Typography: Subliminal Art
© 28 Dec 2011 Luther Tychonievich
Licensed under Creative Commons: CC BY-NC-ND 3.0
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Artists who try not to be seen.


Aa I explore typography (see my recent post), I find three worlds of type: logos, notices, and texts. Logos are mostly images with text embedded; readability is an afterthought. Notices are mostly I used to think notices were only about words. The remarkable 2007 film Helvetica changed my mind. about the words alone. Texts, though, by which I mean pamphlets and books, are almost entirely about getting out of the way.

That said, there are dozens if not hundreds of widely-used typefaces for both notices and texts. If all of them are striving simply to get out of the way and let the user sense the words, not the type, why so many?


Typesetting, like every other artistic and engineering activity, includes fundamental trade-offs. If you want the text to be maximally legible you want unadorned, wide glyphs each standing surrounded by plenty of white space. But for readability of text you want the glyphs to be close together so that the eye sees words, not letters; you want them to have a regular rhythm of vertical strokes and white spaces to help the eye scan across the text; and you want serifs as a guide to help keep lines of text together.

And it’s not just the typeface and the font that matter. Switching lines of text takes time and effort, so longer lines can often be read faster but short lines more easily because each line switch is easier. A ragged right margin keeps the rhythm of each line constant but can increase line switching cost and distract from the flow compared to a fully justified presentation. Hyphenation can reduce the cost of justification choices, but at the expense of splitting individual words, interrupting rhythm. How much should you indent paragraphs? Should punctuation hang outside the margins? Can you break a page after the first line of a paragraph? How different from the man text should the italic face be? Etc.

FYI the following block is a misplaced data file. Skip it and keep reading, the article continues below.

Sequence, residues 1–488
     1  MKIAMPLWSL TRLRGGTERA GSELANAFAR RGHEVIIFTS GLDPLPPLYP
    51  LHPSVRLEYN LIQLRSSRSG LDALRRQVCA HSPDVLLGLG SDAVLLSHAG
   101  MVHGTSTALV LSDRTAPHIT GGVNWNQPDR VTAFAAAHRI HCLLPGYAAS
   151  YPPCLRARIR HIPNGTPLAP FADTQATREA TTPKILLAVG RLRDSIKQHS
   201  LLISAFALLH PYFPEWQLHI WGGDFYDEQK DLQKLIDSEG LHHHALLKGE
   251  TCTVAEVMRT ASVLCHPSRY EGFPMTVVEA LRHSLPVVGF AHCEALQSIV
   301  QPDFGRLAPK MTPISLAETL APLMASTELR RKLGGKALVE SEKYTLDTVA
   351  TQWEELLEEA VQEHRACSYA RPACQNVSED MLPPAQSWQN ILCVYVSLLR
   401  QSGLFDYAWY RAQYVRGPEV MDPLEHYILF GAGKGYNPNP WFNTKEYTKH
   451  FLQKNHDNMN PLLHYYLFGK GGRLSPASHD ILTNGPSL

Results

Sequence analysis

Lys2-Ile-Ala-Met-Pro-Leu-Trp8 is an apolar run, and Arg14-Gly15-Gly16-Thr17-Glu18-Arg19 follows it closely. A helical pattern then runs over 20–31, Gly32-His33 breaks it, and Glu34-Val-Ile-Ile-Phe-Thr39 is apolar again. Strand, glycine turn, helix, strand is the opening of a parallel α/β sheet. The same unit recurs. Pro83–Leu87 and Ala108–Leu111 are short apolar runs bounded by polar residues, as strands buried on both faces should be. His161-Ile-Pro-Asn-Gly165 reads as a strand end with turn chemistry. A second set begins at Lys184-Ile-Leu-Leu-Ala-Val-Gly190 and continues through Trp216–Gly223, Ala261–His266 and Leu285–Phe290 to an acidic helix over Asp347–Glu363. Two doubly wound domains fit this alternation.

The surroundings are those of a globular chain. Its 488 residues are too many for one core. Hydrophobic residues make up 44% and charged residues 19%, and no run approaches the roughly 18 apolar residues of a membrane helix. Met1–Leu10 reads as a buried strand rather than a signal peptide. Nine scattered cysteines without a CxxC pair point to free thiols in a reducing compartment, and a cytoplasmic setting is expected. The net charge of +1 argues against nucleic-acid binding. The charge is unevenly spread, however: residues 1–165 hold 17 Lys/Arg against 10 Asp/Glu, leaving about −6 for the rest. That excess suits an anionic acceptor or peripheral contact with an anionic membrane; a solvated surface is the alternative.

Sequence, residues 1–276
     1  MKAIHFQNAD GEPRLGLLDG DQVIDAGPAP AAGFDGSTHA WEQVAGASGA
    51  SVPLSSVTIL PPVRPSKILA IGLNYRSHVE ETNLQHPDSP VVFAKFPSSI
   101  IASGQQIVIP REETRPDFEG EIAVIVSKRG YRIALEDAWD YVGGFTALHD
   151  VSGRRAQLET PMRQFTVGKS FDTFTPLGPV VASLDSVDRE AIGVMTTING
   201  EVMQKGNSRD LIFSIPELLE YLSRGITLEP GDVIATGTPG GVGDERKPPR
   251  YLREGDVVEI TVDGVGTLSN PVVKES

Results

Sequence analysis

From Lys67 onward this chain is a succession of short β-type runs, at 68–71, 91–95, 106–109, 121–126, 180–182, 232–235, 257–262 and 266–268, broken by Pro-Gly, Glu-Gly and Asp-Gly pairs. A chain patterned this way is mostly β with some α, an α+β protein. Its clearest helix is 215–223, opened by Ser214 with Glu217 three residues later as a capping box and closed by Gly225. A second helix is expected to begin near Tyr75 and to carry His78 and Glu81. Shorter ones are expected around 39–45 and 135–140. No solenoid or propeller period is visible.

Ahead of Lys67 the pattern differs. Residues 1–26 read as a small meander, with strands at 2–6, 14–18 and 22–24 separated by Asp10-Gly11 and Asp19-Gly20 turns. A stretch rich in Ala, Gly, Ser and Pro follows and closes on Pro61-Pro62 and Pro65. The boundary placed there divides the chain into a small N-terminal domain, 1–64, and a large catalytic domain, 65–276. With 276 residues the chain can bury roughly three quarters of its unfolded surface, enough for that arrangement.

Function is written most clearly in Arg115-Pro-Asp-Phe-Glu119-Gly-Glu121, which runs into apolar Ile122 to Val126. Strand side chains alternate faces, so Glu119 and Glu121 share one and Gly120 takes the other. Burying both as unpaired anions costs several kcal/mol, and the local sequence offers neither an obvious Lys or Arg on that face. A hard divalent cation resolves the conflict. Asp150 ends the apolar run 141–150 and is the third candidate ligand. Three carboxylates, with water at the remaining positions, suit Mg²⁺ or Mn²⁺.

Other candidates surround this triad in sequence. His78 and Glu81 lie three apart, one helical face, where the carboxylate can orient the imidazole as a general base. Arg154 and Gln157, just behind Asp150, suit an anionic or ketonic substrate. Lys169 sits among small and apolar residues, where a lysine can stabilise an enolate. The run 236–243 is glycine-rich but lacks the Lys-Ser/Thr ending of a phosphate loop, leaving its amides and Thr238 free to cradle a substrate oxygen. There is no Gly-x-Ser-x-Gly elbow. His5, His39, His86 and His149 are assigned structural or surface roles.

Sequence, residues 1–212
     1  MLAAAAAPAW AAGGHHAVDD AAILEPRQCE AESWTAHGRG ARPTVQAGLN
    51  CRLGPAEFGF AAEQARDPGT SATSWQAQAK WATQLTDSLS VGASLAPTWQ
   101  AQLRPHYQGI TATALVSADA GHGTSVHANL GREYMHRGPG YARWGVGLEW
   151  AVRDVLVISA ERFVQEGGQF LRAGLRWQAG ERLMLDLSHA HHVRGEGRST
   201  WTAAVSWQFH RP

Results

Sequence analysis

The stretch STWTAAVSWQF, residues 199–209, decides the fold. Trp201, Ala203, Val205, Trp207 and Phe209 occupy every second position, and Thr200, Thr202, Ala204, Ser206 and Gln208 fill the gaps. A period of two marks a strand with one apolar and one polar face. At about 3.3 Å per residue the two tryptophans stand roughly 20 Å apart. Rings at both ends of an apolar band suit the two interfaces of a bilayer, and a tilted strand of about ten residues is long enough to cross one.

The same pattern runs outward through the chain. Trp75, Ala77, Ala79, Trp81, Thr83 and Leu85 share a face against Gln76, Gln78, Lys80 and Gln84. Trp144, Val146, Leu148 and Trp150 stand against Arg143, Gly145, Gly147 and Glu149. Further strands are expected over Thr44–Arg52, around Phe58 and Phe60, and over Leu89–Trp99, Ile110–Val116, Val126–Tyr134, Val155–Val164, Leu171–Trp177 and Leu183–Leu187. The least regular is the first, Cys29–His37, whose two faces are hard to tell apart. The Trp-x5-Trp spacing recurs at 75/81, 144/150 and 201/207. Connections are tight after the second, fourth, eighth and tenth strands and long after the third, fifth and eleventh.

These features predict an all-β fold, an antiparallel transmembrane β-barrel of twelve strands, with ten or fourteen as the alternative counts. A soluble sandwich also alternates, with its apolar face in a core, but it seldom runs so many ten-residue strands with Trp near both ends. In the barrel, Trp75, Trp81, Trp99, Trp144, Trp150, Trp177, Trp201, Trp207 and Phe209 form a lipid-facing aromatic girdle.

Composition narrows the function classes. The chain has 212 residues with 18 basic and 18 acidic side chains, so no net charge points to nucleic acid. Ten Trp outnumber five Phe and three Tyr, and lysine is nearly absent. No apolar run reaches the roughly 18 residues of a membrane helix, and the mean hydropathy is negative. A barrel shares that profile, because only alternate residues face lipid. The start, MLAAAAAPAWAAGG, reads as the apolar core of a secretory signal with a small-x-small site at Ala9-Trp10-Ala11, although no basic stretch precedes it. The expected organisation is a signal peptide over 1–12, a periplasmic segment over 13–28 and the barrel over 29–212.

There are some choices that are pretty clearly wrong; there’s pretty much no advantage to lines several hundred characters long, etc. But the trade-offs assure there are many right choices possible.


With all of the freedom that comes from not having a single optimal choice, someone must make the typograhical choices for each printing. And that choice is not just about picking a point on each trade-off spectrum. Some typefaces “‍feel‍” older, or cleaner, or sterile, etc. Compare a random novel to a random textbook and you’ll find the typefaces differ. Textbooks generally want something clean and modern with a no-nonsense feel; novels more often prefer something a bit more human, trading a little legibility for readability. Magazines often want to feel new and hip, while newspapers often go more traditional.

The best typography, at least for text and usually for notices as well, is a subliminal message. Even while you are staring right at it, you don’t notice it is there; and even while you can’t see it, it is flavoring and supporting the message behind it. I would hazard that over 99% of book lovers couldn’t name a single type designer or identify a single typeface. Few artists have work that is so widely viewed with such total anonymity.

That’s one of the things that fascinates me about typography. How does such a vibrant, influential part of our daily lives remain so thoroughly invisible? What artist choses a field where no accolades exist to be gained? Will type ever become an accepted class of artistry?

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